- Prestige: In Australia, which university you go to doesn’t count as much as in the USA. This is particularly so with medicine, because patients are more concerned about your bed-side manner, diagnostic skills etc. Please see Medical schools ranking.
- Misleading MD: Some universities are rebadging their GAMSAT route degrees with an “MD” title and are misleadingly promoting them as a superior degree. It is no different to MBBS degrees offered by other medical schools and you will have no career advantages. Many people wrongly assume that because its an MD degree, the duration of their subsequent training is reduced.
- Uncertainty of career choice: After commencing at Medicine via UCAT route, in the unlikely event that you feel Medicine is not for you (the drop out rate is less than 1%), you can always drop out after a year or two and pursue another degree with prior learning credits.
- Real reasons: There are at least three (real, as opposed to those peddled by the Universities) reasons why some Unis have chosen to ape the US graduate entry model. First, by keeping the students at university for two more years, their income from fees is increased (Universities get an additional $60,000 from each student). Second, due to government policy, they can charge full fee ($55,000 per year) for their courses but is prohibited from doing so if it is a school leaver entry program. The universities are therefore able to increase their income by about 70%. Third, by getting students into their Science programs, they are able to increase the flagging enrolments in their science faculties. Since the demand to get into medicine is high, the universities are able to lure a large number of students (up to 1000) to commence their Science programs, most of who hope to get into medicine. So it is a nice cash cow for the universities, earning a massive $100 million dollars a year. Many students after completion will be unable to get into Med or get jobs and will choose to stay on to pursue higher degrees. This not only further increases the iuniversities' ncome but they get slave labor (postgraduate research students) to boost their research profile and hence their international ranking.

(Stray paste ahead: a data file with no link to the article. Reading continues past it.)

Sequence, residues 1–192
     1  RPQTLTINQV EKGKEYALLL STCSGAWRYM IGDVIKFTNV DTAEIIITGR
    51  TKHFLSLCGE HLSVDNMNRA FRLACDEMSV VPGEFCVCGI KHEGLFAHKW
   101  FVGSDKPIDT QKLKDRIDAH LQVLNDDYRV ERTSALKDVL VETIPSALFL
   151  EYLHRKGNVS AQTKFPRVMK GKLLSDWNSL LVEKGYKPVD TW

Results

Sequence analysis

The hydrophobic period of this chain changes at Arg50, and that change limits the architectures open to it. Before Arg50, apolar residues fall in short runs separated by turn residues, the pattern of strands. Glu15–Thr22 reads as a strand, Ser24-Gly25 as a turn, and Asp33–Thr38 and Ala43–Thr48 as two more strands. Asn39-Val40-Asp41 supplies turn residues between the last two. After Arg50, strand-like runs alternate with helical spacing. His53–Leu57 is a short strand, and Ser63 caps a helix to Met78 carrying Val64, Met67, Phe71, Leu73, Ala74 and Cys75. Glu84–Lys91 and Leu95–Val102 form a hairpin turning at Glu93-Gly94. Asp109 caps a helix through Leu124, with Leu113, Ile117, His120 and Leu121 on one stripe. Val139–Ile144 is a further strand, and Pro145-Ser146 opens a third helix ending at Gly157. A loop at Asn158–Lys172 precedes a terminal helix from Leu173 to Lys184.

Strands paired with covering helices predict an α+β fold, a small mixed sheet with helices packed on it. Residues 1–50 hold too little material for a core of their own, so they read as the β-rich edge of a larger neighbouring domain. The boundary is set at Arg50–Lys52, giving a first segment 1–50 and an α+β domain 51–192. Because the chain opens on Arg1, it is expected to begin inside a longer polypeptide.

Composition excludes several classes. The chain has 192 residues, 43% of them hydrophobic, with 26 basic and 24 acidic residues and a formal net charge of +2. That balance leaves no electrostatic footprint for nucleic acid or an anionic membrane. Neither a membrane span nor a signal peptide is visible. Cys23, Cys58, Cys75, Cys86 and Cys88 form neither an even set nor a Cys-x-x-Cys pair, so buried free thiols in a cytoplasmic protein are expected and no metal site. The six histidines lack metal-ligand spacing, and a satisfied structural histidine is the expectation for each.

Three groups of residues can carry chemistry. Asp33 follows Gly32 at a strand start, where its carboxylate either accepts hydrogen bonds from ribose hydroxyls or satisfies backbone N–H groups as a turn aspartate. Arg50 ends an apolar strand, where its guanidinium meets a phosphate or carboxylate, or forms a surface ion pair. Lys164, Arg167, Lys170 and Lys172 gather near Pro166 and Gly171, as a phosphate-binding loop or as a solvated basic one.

- Due to the fact that GAMSAT entry doctors are older (about 6 years older on average), they are likely to choose specialties which is easier to get in, and require shorter training, such as General Practice. UCAT entry doctors are more likely to choose competitive specialties such as Dermatology, Ophthalmology, Neurosurgery, Gastroenterology, because time is on their side, among other reasons. There is evidence that graduate entry doctors (GAMSAT route) are more likely to choose general Practice, because it is easier to get into.
- Competition for everything is increasing in all aspects of life (eg Registrar positions), so the quicker you finish your training, the better it is for you.
In summary, UCAT route (school leaver entry) medicine is good for you, and GAMSAT route (graduate entry) medicine is good for the university.